Yale’s Hayden makes smart move to join Hawks, pass on free agency
John Hayden could’ve taken the same path that landed Kevin Hayes and Jimmy Vesey on the Rangers.
Instead, the 6-3, 217-pound power forward from Yale is eager to begin his career with the Blackhawks, who selected him in the third round of the 2013 draft. Hayden, 22, joined the Hawks on Monday at the United Center, a day after signing a two-year contract, and is expected to make his debut this week.
“I’ve been following the team all year,” Hayden said. “Any kid wants to be here, and I’ve been working hard for this. I owe all my [Yale]teammates and coaches and family and friends all the credit in the world. They’ve been pretty supportive, so it’s surreal, and I’m excited to get started.”
That’s a different outlook compared to Hayes and Vesey after their college careers ended in 2014 and 2016, respectively. Neither signed with the teams that drafted them — Hayes was selected in the first round of the 2010 draft by the Hawks.
Each wound up with the Rangers after using the “four-year rule” of the NHL’s collective-bargaining agreement to become free agents. The rule requires teams to sign their picks within four years of drafting them. Hayden could’ve used it, too, had he waited until Aug. 15 without signing.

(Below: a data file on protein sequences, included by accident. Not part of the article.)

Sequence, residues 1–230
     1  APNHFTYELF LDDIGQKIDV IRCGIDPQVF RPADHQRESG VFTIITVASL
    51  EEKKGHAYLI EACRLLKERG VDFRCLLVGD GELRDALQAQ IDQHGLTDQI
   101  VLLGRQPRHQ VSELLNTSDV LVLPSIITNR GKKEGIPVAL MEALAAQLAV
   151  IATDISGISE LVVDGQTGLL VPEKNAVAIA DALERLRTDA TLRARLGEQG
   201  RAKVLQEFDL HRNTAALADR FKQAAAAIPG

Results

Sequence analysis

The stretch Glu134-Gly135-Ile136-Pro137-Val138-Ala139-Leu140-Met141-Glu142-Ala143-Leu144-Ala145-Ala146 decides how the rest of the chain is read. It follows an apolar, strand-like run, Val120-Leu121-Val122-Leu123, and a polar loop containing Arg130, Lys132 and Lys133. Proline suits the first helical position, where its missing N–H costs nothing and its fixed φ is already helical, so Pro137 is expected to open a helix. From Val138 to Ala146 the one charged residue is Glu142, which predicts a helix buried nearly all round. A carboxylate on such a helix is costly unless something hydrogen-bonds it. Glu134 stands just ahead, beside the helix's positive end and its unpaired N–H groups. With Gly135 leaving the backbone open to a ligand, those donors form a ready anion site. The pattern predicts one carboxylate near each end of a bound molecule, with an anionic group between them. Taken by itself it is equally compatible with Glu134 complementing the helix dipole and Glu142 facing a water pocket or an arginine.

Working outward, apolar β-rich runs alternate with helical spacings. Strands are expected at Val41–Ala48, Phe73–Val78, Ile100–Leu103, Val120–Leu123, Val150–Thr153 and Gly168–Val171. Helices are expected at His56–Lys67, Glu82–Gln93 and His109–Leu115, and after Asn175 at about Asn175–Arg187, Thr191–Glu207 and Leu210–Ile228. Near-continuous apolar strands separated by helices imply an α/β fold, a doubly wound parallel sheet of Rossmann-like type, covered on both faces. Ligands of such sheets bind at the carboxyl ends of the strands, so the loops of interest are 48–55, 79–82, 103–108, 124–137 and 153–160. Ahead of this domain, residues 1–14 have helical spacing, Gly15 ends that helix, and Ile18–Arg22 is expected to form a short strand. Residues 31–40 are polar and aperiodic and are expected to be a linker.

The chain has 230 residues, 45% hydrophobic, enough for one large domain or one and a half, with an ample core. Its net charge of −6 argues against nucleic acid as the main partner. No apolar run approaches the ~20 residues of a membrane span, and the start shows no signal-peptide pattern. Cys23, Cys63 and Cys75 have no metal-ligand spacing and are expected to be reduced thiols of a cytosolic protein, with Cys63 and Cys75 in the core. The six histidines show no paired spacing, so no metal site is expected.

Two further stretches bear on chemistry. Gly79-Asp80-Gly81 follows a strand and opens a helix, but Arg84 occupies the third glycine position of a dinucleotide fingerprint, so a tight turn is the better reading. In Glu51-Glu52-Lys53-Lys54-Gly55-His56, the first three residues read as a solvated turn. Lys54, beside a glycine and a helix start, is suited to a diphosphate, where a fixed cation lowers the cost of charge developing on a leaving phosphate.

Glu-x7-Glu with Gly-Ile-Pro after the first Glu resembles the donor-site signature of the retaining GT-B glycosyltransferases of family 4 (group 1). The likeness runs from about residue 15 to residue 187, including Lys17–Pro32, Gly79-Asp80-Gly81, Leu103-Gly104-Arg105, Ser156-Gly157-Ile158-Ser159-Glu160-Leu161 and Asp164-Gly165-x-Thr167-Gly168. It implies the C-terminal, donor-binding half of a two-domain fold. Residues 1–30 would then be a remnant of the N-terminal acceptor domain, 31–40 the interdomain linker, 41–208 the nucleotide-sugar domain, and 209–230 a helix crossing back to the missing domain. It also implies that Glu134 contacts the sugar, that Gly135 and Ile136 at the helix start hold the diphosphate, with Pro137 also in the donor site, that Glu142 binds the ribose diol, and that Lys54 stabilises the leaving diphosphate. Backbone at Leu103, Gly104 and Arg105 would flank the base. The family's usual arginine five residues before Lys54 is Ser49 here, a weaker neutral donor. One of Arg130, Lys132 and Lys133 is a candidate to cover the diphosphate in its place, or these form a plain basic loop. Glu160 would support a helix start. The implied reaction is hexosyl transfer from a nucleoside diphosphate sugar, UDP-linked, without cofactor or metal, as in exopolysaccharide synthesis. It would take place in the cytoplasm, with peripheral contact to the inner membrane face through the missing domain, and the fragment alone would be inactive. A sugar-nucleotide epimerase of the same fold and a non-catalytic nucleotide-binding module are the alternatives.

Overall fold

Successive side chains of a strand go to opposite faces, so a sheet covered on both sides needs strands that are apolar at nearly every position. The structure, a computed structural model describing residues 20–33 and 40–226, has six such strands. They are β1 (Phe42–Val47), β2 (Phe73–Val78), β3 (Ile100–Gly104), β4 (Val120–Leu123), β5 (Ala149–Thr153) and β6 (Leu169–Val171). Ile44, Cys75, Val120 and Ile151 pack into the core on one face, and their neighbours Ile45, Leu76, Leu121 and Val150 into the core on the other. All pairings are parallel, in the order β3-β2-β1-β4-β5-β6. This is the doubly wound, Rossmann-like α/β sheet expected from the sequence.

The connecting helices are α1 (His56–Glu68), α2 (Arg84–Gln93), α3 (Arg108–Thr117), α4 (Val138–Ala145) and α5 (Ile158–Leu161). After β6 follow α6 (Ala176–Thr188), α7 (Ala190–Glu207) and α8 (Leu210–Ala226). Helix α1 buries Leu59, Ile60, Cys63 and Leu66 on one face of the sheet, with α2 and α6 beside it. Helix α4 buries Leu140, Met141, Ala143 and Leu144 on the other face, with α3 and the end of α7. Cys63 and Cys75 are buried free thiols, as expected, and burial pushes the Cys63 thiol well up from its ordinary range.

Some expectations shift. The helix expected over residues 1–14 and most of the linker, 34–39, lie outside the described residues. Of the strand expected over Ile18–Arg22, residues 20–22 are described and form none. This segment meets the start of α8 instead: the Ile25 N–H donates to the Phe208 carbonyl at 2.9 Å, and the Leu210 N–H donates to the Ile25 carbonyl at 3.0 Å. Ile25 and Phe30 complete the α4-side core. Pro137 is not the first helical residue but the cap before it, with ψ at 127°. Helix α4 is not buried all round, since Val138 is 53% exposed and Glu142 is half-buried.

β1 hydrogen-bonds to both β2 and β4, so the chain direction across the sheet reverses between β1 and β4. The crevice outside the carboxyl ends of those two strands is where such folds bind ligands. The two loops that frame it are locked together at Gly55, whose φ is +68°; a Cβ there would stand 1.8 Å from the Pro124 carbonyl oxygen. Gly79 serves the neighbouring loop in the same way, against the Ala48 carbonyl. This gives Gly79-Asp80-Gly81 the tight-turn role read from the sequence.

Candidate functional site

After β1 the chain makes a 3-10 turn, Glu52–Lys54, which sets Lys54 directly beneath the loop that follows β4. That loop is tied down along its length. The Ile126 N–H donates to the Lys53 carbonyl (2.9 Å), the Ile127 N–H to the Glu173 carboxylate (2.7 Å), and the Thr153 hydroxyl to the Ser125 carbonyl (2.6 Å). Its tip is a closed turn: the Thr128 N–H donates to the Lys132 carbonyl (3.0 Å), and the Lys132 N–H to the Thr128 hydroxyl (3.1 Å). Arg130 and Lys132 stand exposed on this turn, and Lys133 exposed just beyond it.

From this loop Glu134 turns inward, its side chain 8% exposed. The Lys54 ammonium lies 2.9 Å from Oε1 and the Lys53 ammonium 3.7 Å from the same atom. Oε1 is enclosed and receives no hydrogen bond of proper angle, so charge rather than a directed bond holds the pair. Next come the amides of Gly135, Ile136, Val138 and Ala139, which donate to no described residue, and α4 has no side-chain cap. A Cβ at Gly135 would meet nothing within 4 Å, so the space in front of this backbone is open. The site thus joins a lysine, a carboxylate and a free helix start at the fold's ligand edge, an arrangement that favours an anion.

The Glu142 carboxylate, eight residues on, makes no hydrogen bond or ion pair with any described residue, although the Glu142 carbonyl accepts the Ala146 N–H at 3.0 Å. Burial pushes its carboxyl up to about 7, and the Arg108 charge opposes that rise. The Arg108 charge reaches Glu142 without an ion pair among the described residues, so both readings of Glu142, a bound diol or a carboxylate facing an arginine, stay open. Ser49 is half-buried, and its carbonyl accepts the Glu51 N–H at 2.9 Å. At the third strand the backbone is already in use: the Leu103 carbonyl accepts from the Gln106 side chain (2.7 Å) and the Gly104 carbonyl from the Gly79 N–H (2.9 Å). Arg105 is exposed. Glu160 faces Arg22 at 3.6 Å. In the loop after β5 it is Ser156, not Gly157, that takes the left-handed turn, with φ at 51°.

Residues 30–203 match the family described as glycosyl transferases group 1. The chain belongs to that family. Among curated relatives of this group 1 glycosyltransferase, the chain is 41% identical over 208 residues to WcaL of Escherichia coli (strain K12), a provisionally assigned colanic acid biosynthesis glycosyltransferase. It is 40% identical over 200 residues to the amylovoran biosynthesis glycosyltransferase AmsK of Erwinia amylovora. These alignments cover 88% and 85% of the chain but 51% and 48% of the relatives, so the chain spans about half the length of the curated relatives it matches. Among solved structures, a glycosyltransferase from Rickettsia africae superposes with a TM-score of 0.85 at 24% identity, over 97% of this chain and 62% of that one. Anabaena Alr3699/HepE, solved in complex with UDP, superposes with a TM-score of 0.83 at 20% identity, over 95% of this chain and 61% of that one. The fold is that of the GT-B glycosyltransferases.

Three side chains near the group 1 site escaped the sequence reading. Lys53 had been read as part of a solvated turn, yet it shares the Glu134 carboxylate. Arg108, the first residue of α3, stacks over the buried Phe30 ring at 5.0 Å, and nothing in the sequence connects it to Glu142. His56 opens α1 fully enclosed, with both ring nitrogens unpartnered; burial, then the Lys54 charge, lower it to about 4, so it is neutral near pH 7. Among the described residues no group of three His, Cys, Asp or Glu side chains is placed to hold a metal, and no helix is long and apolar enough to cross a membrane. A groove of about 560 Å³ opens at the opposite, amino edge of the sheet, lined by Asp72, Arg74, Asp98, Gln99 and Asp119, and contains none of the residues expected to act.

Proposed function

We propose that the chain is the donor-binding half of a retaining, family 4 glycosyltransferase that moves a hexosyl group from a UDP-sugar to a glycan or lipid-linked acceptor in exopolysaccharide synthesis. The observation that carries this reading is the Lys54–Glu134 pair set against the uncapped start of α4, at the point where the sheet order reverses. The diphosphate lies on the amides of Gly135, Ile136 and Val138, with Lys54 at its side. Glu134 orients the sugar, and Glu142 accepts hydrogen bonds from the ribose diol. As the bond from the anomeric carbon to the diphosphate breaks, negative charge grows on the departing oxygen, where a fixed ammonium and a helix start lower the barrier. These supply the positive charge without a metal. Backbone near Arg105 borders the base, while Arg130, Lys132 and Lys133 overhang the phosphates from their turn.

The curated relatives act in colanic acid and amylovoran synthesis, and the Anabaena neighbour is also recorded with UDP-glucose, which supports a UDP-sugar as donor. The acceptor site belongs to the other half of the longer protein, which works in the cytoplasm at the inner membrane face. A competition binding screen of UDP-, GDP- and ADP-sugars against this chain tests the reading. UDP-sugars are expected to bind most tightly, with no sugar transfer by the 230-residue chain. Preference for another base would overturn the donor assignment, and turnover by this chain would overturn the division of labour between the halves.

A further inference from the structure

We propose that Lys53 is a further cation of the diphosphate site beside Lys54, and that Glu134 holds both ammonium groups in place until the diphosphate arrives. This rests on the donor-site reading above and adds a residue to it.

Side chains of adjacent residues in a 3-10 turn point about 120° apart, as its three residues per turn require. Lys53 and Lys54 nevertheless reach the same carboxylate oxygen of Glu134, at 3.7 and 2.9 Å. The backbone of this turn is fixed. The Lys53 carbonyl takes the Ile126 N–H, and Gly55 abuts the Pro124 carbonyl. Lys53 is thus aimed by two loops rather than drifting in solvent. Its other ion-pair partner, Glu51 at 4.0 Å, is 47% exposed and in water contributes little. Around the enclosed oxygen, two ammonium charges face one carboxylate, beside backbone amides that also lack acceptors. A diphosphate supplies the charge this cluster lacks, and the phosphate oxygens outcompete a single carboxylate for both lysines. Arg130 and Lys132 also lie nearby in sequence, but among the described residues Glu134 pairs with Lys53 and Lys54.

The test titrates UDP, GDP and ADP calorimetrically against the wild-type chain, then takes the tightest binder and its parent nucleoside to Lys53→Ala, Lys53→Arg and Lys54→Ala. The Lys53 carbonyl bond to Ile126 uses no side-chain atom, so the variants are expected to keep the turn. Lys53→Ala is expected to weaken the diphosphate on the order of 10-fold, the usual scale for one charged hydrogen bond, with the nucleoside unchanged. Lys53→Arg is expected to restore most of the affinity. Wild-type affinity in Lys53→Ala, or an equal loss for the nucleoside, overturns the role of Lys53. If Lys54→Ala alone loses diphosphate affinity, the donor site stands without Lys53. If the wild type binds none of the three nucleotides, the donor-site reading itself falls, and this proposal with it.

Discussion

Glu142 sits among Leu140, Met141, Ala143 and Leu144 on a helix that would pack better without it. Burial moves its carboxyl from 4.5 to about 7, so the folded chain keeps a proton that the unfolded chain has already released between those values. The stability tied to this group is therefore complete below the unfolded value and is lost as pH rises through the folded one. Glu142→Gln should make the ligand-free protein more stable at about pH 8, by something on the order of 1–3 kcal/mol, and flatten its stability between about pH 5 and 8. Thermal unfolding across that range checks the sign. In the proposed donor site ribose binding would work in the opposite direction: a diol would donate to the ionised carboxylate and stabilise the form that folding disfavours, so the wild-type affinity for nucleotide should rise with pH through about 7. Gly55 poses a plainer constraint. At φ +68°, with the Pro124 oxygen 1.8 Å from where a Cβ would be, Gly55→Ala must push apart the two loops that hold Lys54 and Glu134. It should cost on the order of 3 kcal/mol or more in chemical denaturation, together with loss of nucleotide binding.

“There was never a doubt since I was drafted that this is where I would sign,” Hayden said emphatically. “It’s such a first-class organization, and there’s a winning culture here. I’m very excited to learn from the staff and, obviously, the leadership [group] here.”
Hayden was Yale’s captain this season and played right wing. He had career highs in goals (21), assists (13) and points (34) and was named a candidate for the 2017 Hobey Baker Award as college hockey’s MVP.
Now he’ll get a chance to battle for a bottom-six role among Hawks forwards, likely debuting Thursday in Ottawa. Coach Joel Quenneville said Hayden could also play Saturday in Toronto.
“Playing the way he plays, I think that helps him,” Quenne-ville said, citing Hayden’s size and physical style. “We don’t have a lot of guys who play that way, so it could be a nice fit for both of us, and we’re looking forward to seeing how he handles it.”
Quenneville also is eager to see how other Hawks forwards handle his presence. Five are vying for two open bottom-six spots each game.
“That can be good, and it can be negative,” Quenneville said. “I find that the guys who don’t play on a regular basis are equally important to the chemistry around your team, and their attitudes are very important to the health of your team, as far as knowing there’s support by these guys.
“We don’t expect you to be happy not playing, but let’s make sure when you’re around here, you’re a good teammate and you’re pushing and working in practice, and off the ice, to make sure that you’re good and ready to come in and help out.”
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